To determine the role of the C-terminus in HG responses in MC, either WT ADAM17 or ADAM17 with its C-terminus deleted (ΔC) were transfected into mesangial cells, with ADAM17 activity assessed after 1 h of HG (Fig. 1A). The HG-induced ADAM17 activation seen in cells transfected with the empty vector pcDNA was augmented after overexpression of WT ADAM17. This augmentation is similar to the response seen after prolonged HG exposure (24 h), which results in ADAM17 upregulation (Li et al., 2015a). In contrast, no HG response occurred after transfection with ΔC ADAM17. To confirm these results, we next used ADAM17-knockout (KO) mouse embryonic fibroblasts (MEFs). Absence of ADAM17 in these cells was confirmed by immunoblotting (not shown). We first established that HG increases ADAM17 activity in MEF cells (Fig. 1B). In ADAM17 KO cells, baseline values measured by the assay were significantly lower, and no HG response was seen. ADAM17 activity was next tested after transfection of empty vector, WT ADAM17 or ΔC-ADAM17 into KO cells. Construct expression was confirmed by immunoblotting for the HA tag (Fig. 1C). While transfection of either ADAM17 construct increased basal activity, only cells transfected with WT ADAM17 showed a HG response (Fig. 1D). Since PMA is well known to induce ADAM17 activity independently of its C-terminus (Doedens et al., 2003), we next tested responsiveness of WT or ΔC ADAM17 to PMA in KO cells (Fig. 1E). ADAM17 activity was induced to the same degree with both constructs, confirming previous findings. Finally, to determine whether the catalytic activity of ADAM17 was required, we determined the HG responsiveness of a catalytically inactive mutant ADAM17 E406A. As shown in Fig. 1F, ADAM17 KO MEFs transfected with the catalytically inactive mutant (with expression shown in the inset) had neither an increase in basal activity, nor did they show increased activity in response to HG, indicating that both the C-terminus and ADAM17 catalytic activity are required for ADAM17 activation by HG.
We previously showed that ADAM17 activation was required for HG-induced upregulation of the profibrotic cytokine TGFβ1 (Uttarwar et al., 2011), a key pathogenic factor in diabetic nephropathy (Li et al., 2003). To confirm the importance of the ADAM17 C-terminus in this response, we used ADAM17 KO MEFs transfected with WT or ΔC ADAM17. Only in cells expressing WT ADAM17 was HG able to increase TGFβ1 promoter luciferase activity (Fig. 1G) and protein secretion into the medium (Fig. 1H).
Src phosphorylation of the C-terminus is required for ADAM17 activation by HG
Src associates with ADAM17 in response to hormonal stimulation (Zhang et al., 2006) and was shown to phosphorylate ADAM17 at Y702 in response to mechanical stress (Niu et al., 2013, 2015). Src is known to mediate ADAM17 activation after long-term HG exposure (24–48 h) (Taniguchi et al., 2013). To determine whether acute activation of ADAM17 is mediated by Src, the effect of its inhibitors on ADAM17 activity after 1 h of HG was assessed. Two structurally distinct inhibitors, SU6656 and PP2, prevented early ADAM17 activation (Fig. 2A). HG increased the interaction between ADAM17 and Src as assessed by coimmunoprecipitation (Fig. 2B). Phosphorylation of ADAM17 at Y702 in response to HG was observed in a similar timeframe (Fig. 2C). This phosphorylation was confirmed to be mediated by Src (Fig. 2D). Antibody specificity was confirmed in ADAM17 KO MEFs transfected with WT or Y702A ADAM17 (Fig. S1).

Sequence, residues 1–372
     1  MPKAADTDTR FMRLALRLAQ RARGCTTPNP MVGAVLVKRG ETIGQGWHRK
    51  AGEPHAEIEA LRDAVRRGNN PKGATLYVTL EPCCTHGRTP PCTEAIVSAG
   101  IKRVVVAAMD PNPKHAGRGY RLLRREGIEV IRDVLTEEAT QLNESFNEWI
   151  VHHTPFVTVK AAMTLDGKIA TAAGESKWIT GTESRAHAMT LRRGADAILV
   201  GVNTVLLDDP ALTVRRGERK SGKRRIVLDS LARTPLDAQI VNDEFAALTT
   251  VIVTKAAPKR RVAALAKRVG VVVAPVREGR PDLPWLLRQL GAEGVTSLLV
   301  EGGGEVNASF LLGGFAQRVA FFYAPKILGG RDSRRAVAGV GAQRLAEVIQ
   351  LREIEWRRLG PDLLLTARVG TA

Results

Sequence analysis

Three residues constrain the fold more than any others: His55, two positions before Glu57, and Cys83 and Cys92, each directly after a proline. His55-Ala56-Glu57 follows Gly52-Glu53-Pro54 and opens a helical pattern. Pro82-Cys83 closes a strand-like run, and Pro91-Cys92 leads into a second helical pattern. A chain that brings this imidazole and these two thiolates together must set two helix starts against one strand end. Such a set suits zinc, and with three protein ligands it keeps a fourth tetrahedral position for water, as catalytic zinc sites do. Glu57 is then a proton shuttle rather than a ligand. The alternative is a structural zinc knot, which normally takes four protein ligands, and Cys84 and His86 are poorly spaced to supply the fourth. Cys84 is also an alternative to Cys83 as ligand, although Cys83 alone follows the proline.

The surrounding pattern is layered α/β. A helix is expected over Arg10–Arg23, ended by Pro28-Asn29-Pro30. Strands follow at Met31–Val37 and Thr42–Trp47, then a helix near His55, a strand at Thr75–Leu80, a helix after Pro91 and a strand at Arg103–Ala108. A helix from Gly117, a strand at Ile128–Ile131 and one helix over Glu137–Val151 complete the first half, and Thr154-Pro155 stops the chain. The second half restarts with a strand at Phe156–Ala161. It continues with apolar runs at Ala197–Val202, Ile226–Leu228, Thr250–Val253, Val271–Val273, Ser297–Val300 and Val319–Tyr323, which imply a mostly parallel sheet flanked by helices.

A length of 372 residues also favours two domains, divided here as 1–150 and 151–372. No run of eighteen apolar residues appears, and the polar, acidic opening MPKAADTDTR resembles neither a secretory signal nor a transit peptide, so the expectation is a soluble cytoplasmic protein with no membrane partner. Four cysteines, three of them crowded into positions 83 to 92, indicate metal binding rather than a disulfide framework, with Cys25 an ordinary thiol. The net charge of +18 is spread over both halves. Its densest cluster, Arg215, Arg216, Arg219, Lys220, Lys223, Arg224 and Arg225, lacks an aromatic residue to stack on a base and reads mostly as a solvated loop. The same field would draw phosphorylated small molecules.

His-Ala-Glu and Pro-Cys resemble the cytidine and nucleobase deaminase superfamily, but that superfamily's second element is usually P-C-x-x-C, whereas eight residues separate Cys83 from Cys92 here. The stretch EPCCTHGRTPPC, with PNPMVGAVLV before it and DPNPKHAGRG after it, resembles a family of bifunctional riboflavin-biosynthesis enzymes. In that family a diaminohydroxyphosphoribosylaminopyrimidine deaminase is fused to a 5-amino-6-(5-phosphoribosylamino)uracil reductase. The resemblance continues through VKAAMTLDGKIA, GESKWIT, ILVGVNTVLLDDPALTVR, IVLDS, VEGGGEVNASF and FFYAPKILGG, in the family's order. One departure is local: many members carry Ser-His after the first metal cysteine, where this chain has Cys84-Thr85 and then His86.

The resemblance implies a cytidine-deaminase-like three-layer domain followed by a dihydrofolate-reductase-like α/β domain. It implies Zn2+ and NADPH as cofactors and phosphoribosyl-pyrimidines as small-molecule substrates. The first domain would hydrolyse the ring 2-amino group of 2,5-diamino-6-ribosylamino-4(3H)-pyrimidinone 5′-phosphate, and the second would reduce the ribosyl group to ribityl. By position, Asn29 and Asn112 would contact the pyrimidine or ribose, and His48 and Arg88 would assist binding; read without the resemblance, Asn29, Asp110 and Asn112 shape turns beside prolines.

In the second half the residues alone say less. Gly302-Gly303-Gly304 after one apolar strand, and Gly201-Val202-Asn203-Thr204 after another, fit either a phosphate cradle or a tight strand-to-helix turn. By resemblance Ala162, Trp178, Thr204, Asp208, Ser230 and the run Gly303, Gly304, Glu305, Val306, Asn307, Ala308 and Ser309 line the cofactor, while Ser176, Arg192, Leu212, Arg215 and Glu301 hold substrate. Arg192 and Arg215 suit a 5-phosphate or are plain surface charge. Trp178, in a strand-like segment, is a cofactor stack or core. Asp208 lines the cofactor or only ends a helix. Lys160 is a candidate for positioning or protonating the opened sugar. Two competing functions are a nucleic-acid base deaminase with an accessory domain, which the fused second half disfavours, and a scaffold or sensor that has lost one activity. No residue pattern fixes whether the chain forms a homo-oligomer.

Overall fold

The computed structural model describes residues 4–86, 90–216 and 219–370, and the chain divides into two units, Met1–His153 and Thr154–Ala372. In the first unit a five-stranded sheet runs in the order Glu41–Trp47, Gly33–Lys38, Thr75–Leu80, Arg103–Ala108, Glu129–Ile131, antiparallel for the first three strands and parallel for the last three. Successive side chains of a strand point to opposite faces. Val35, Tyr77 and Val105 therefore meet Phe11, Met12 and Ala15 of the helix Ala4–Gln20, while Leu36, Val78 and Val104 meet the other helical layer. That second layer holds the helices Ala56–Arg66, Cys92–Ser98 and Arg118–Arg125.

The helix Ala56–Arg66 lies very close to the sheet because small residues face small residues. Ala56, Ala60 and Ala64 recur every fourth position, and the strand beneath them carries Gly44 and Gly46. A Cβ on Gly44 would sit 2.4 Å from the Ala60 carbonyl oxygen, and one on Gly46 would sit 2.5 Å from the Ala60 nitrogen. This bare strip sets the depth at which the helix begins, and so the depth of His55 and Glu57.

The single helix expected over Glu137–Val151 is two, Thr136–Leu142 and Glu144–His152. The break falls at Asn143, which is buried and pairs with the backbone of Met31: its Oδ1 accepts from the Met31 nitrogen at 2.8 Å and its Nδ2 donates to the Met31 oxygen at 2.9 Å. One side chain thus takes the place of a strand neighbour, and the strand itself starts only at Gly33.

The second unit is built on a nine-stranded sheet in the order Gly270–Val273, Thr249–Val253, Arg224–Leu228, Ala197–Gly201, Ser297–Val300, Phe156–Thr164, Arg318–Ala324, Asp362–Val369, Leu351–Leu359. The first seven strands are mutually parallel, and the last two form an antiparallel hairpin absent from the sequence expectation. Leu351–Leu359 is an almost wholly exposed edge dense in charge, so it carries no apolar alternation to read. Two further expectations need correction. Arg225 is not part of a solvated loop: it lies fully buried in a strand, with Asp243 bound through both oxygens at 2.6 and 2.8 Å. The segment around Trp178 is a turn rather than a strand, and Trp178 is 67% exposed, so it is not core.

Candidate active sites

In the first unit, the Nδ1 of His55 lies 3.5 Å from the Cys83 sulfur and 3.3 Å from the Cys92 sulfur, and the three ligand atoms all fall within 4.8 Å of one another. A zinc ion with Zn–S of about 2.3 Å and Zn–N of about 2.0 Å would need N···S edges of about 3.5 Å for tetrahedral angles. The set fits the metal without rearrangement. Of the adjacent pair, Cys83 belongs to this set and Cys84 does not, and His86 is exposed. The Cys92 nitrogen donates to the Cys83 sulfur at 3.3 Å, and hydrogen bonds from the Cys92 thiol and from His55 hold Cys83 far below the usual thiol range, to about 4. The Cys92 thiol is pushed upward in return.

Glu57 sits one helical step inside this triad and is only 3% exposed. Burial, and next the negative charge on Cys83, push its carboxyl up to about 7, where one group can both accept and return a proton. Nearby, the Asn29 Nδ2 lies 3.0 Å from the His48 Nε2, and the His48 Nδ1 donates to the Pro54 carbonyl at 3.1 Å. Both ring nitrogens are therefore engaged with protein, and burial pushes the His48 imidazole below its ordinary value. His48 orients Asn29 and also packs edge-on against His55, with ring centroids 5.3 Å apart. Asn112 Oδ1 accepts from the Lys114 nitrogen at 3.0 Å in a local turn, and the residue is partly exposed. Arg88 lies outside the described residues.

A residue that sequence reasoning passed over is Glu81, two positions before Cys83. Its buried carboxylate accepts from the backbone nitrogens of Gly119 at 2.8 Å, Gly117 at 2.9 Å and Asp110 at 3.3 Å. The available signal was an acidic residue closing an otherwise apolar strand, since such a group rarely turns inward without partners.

Tyrosine 702 is located in the C-terminus of ADAM17 (aa 695–824). Using ADAM17 KO MEFs transfected with either WT or ΔC ADAM17, a requirement for the C-terminus in the association between ADAM17 and Src was confirmed (Fig. 2E). To determine whether Y702 phosphorylation is required for ADAM17 activation by HG, ADAM17 KO MEFs were transfected with either WT or nonphosphorylatable Y702A ADAM17. Fig. 2F shows that although the baseline activity remains higher in Y702A-transfected cells, consistent with that seen with expression of ΔC ADAM17, HG fails to induce ADAM17 activation. Together, these data show that Src interacts with and phosphorylates ADAM17 at its C-terminal Y702, and this is required for ADAM17 activation by HG.
FAK mediates Src phosphorylation and activation of ADAM17
We next sought to determine the upstream factors mediating Src–ADAM17 activation by HG. Activation of the nonreceptor tyrosine kinase FAK was seen in diabetic kidney lysates (Regoli and Bendayan, 1999), but whether FAK is activated by HG in mesangial cells or regulates ADAM17 activation is as yet unknown. In other settings, activated FAK is known to recruit Src, enabling its activation (Bolos et al., 2010). We first assessed whether HG activates FAK in mesangial cells. Fig. 3A shows that HG induced early activation of FAK, determined by immunoblotting for its autophosphorylation at Y397. HG induced the association of FAK with Src, as assessed by coimmunoprecipitation (Fig. 3B). Using the FAK inhibitor PF573228, Fig. 3C shows that FAK is required for ADAM17 activation by HG. FAK activation by HG is also required for Src association with ADAM17 (Fig. 3D), as well as HG-induced phosphorylation of ADAM17 at Y702 by Src (Fig. 3E). Thus, FAK is required as an upstream effector of Src-mediated ADAM17 phosphorylation and ADAM17 activation.
Activated Src is known to enable the full catalytic activity of FAK through phosphorylation at additional tyrosine residues on FAK. This expands the ability of FAK to interact with other proteins, further enhancing its scaffolding function (Bolos et al., 2010). As shown in Fig. 3F, we found that FAK associated with ADAM17 in response to HG. This was not only dependent on FAK activity, as it was blocked by the inhibitor PF573228 (Fig. 3G), but also required Src activity since it was prevented by two independent Src inhibitors (Fig. 3H). To determine whether the C-terminus of ADAM17 is needed for FAK–ADAM17 interaction, ADAM17 KO MEFs were transfected with either WT or ΔC ADAM17. After HG treatment for 1 h, FAK associated with only WT ADAM17, showing the requirement of the C-terminus of ADAM17 for this interaction (Fig. 3I). Interestingly, expression of Y702A ADAM17 in ADAM17 KO MEFs also prevented the HG-induced association between FAK and ADAM17 (Fig. 3J). Here, IgG control immunoprecipitates of cells transfected with WT ADAM17 showed minor nonspecific pull-down of FAK (Fig. 3J). Taken together, FAK-induced Src activation and subsequent phosphorylation of ADAM17 at Y702 promotes interaction between FAK and ADAM17.